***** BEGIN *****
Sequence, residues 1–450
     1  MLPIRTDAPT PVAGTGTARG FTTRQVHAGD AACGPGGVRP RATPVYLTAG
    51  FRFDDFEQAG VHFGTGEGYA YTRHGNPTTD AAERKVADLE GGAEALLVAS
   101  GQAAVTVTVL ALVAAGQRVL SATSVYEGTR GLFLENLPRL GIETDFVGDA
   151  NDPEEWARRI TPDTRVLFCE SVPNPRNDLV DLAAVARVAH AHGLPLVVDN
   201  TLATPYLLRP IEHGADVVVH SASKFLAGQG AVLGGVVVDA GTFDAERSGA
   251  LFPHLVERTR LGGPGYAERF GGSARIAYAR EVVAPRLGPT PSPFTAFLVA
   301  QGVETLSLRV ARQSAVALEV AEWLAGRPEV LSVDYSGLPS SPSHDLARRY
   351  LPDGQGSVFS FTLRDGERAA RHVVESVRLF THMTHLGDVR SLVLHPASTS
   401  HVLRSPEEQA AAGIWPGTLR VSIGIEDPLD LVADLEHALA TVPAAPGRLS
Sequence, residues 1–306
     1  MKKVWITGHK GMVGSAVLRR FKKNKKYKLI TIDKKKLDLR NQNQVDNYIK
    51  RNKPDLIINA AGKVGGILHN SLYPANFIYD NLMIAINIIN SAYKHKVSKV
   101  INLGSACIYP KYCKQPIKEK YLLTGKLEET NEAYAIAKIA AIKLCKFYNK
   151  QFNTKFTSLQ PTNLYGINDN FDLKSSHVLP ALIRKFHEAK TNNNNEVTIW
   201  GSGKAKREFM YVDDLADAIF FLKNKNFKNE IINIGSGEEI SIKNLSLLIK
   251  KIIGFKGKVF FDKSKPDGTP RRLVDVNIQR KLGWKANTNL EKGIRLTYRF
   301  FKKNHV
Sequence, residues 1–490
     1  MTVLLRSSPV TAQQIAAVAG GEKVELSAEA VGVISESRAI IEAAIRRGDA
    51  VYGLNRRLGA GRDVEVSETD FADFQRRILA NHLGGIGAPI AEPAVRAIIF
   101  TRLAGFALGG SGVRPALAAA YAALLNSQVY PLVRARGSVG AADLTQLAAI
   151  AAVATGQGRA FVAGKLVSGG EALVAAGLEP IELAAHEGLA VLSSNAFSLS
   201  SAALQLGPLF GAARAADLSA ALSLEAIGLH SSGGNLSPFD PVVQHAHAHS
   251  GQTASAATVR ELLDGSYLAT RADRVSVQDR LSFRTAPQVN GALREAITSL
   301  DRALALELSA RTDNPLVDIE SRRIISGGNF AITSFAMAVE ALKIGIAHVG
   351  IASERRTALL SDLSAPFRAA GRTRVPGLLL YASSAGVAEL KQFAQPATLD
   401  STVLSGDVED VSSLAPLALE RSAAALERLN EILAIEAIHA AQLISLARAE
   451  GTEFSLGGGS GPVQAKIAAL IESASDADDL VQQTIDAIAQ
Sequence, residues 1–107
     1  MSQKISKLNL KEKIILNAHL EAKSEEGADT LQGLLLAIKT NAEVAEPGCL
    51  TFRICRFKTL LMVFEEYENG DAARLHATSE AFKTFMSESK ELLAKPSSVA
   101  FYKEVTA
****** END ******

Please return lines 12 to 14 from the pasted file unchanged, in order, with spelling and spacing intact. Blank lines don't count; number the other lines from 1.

     1  MKKVWITGHK GMVGSAVLRR FKKNKKYKLI TIDKKKLDLR NQNQVDNYIK
    51  RNKPDLIINA AGKVGGILHN SLYPANFIYD NLMIAINIIN SAYKHKVSKV
   101  INLGSACIYP KYCKQPIKEK YLLTGKLEET NEAYAIAKIA AIKLCKFYNK